"Tuck tail and run?" Tarrant suggested. "And why not?" he continued when Avon didn't deign to reply. "You've done it often enough lately."
Vila shrugged. "So what's wrong with tucking tail and running away?"
Tarrant smiled at the thief unkindly. "Say something surprising for a change, Vila."
"Well, I don't see anything wrong with it."
"If you will all stop bickering!" Orac interrupted, sounding like a patriarch saddled with a pack of juvenile delinquents. "The minefield does not preclude teleportation and I should have the coordinates soon."
Avon went to stand by his console. "Give me some visuals."
"At this distance, how do you expect me to get ground visuals?"
"Then by what means are you setting the coordinates?"
"I would appreciate closer attention to accuracy. I did not say I was setting the coordinates. I am merely waiting to be informed of them."
Avon whirled on the machine. "Inform...! Orac, have you already established contact?"
Sometimes it was a shame Orac was not vulnerable to a solid thump on its proverbial head.
"So much for surprise visits," Tarrant gleefully put in.
Avon was too busy scowling at the computer. "Since when have you started volunteering information to strangers?" Vila had started laughing, a sound Avon had not heard since Malodaar. He spun to face the thief. "And what do you find so amusing?"
"Don't you see?" Vila sputtered. "He's not a stranger. He's Blake."
"Vila, if you insist on that idiotic" Avon started menacingly.
"But I'm not. Orac is. Your precious, oh-so-perfect collection of circuits couldn't tell the difference. Gods, that's rich."
Avon turned back to the computer, indignant on its behalf. "That can't possibly be true, can it, Orac?"
"Orac, I asked you a question!" There was more silence. Avon sighed. He really wasn't ready to speculate on the embarrassment quotient of a machine. "All right, give me a straightforward report then."
"Thirty-four minutes ago, through subspace contact, we were asked to identify ourselves and state the purpose of our approach. After confirming the caller's identity"
"Through voice pattern match, I take it?"
"Correct. I supplied the requested information, and was in turn told to stand by for the teleport coordinates."
The machine had recited in a dry, mechanical voice it had never used before, probably its way of dealing with its lapse. Vila was still cackling. Avon threw him a dirty look. "And there were no objections to our presence?" he asked Orac.
"None that was expressed to me," came the careful reply
"So you are wanted after all," Tarrant interjected. "I think somebody down there doesn't know you, Avon."
Avon ignored him pointedly. "While you were being so forthcoming, Orac, did you happen to mention me by name?"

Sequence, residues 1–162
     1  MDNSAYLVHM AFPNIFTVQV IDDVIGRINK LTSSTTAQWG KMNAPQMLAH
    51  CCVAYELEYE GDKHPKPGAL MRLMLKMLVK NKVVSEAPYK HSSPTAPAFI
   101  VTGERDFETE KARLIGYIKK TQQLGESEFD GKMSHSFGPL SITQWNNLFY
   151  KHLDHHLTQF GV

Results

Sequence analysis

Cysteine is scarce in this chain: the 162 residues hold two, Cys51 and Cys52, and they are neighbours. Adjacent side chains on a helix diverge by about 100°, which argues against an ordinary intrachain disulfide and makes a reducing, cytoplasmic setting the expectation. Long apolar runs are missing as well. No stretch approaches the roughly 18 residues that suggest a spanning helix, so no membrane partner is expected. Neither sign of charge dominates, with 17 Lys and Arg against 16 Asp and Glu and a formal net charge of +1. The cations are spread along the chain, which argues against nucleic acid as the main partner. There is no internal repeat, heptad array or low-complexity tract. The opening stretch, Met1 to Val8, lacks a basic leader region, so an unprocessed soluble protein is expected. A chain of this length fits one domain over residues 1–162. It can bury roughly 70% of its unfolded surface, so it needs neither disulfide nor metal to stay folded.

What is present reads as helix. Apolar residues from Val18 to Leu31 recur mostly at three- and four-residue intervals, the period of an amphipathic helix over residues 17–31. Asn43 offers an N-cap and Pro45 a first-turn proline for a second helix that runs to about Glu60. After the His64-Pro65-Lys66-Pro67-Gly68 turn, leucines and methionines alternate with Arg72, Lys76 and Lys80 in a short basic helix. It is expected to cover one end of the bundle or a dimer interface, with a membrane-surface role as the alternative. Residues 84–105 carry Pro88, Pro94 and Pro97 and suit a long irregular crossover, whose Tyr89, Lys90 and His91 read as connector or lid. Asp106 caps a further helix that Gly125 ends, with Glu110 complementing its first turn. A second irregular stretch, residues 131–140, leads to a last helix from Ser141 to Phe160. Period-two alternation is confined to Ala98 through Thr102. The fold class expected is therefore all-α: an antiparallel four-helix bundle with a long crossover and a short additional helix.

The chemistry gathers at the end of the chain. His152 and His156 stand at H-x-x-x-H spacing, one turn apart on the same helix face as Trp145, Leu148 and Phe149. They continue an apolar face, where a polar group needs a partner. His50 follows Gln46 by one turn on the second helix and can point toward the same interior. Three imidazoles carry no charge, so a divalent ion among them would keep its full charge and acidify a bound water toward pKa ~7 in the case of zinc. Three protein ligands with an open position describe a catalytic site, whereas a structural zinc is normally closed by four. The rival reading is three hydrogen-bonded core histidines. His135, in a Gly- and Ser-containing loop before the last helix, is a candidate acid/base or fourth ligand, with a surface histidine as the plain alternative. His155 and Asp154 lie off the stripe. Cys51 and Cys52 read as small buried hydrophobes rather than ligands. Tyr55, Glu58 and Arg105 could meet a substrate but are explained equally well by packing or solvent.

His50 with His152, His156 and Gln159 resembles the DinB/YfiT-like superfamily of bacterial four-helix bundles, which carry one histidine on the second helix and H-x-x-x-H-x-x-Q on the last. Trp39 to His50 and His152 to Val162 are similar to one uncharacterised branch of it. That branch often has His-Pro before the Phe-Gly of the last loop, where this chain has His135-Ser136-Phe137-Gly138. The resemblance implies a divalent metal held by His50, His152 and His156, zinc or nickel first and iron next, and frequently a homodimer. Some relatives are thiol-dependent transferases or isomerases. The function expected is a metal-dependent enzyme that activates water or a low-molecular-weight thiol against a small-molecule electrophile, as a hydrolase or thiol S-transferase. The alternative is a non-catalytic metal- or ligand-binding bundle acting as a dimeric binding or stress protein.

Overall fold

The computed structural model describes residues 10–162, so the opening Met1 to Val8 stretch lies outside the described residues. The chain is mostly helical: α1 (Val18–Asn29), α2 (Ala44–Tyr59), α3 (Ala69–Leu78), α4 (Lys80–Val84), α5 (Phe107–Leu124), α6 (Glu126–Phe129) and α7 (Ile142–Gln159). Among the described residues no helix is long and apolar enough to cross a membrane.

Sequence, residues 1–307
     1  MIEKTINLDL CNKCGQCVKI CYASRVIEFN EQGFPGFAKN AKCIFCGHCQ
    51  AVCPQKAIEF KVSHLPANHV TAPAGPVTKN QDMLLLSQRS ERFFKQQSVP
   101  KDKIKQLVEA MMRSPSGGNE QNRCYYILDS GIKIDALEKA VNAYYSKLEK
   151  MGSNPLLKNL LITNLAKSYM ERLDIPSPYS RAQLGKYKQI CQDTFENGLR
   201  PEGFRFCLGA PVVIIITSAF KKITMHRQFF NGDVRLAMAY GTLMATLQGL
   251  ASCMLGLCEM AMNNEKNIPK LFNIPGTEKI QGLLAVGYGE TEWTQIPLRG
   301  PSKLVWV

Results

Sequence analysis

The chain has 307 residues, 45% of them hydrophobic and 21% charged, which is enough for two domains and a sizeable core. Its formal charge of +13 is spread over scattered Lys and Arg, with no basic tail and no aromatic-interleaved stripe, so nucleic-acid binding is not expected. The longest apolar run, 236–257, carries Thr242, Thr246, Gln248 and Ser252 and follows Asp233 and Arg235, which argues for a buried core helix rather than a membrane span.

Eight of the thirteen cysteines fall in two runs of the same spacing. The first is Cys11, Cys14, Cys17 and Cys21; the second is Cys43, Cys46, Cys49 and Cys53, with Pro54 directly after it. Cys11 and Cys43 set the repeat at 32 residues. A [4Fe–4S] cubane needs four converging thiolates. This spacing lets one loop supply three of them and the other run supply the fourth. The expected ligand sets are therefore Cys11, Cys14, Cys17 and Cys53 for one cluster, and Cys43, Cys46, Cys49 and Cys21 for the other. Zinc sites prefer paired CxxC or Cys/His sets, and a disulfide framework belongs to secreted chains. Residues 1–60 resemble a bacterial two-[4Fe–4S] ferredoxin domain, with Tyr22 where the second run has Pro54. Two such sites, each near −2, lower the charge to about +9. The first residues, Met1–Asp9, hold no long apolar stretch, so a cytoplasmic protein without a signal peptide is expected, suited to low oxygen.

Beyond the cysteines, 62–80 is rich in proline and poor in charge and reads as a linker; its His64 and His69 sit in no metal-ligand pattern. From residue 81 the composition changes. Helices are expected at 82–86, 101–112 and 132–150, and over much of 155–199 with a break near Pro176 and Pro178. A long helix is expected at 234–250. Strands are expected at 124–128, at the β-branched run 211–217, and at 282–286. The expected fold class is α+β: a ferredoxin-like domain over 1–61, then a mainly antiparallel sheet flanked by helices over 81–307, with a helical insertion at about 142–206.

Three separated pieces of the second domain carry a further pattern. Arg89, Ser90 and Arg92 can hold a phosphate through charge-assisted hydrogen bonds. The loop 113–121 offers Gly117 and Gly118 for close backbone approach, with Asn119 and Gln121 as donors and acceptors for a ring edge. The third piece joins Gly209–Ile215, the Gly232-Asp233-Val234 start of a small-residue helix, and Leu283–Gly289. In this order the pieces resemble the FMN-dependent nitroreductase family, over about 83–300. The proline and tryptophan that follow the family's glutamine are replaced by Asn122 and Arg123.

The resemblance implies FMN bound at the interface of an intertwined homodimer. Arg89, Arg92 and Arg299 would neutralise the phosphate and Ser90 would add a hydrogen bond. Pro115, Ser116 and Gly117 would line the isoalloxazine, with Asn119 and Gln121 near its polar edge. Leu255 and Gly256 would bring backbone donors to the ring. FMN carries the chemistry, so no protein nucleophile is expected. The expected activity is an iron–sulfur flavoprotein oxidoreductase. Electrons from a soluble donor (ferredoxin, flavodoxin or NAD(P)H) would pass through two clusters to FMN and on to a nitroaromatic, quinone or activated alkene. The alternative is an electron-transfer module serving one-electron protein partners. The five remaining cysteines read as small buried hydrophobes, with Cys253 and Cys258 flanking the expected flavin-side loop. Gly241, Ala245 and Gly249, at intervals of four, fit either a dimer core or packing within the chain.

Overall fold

"And the response was?"
Orac answered after a pronounced hesitation, perhaps for the first time in its existence. "Blake said he was looking forward to seeing you."
All of a sudden, Avon felt precisely like tucking tail and running away. Instead, he addressed the computer sternly. "Blake said nothing of the sort. How could you be incapable of making that distinction, Orac? Have I been overestimating you all this time?"
An unlikely source, Vila, came to the computer's defence, strolling close. "Oh, give the thing a break, Avon. As you keep reminding us, he's just a machine. The voice pattern matched exactly and the circuits immediately identified it as Blake's."
"It knew about the clone," Avon argued, wondering why he was letting himself get drawn into an argument with, of all people, Vila.
"So? How's he supposed to tell who's which when there's nothing to distinguish one from the other? He did this before, remember? He couldn't tell the difference between the Liberator and its sister ship same configurations and all, I'd suspect until there were two of them side by side. He kept us sweating for days.
Avon glared at him. "What makes you a computer expert all of a sudden?"
"What do you think Federation security locks are made of, dead bolts?" Vila said, in a totally uncharacteristic tone, straightening his back and lifting his chin.
Avon found himself looking, not down at Vila, but almost directly across at him, and realized after five years that the thief was not considerably shorter than himself as he had always assumed.
"Besides," Vila continued in a voice that didn't carry past Avon, "I know there are some judgments no machine can make and so do you. Or you'd have trained Orac years ago to open the locks you keep me around for and cycled me out of an airlock long before Malodaar." With that, he spun around and went to his usual seat.
Avon suddenly felt an overwhelming need to be anywhere but on this ship. "Do you have those damned coordinates yet?" he snapped at Orac.
"Affirmative." Orac was very subdued. "They just came through. Should I confirm?"
It was Tarrant who jumped in. "No," then asked when Avon glared at him, "If you're welcome here, what took thirty-something minutes?"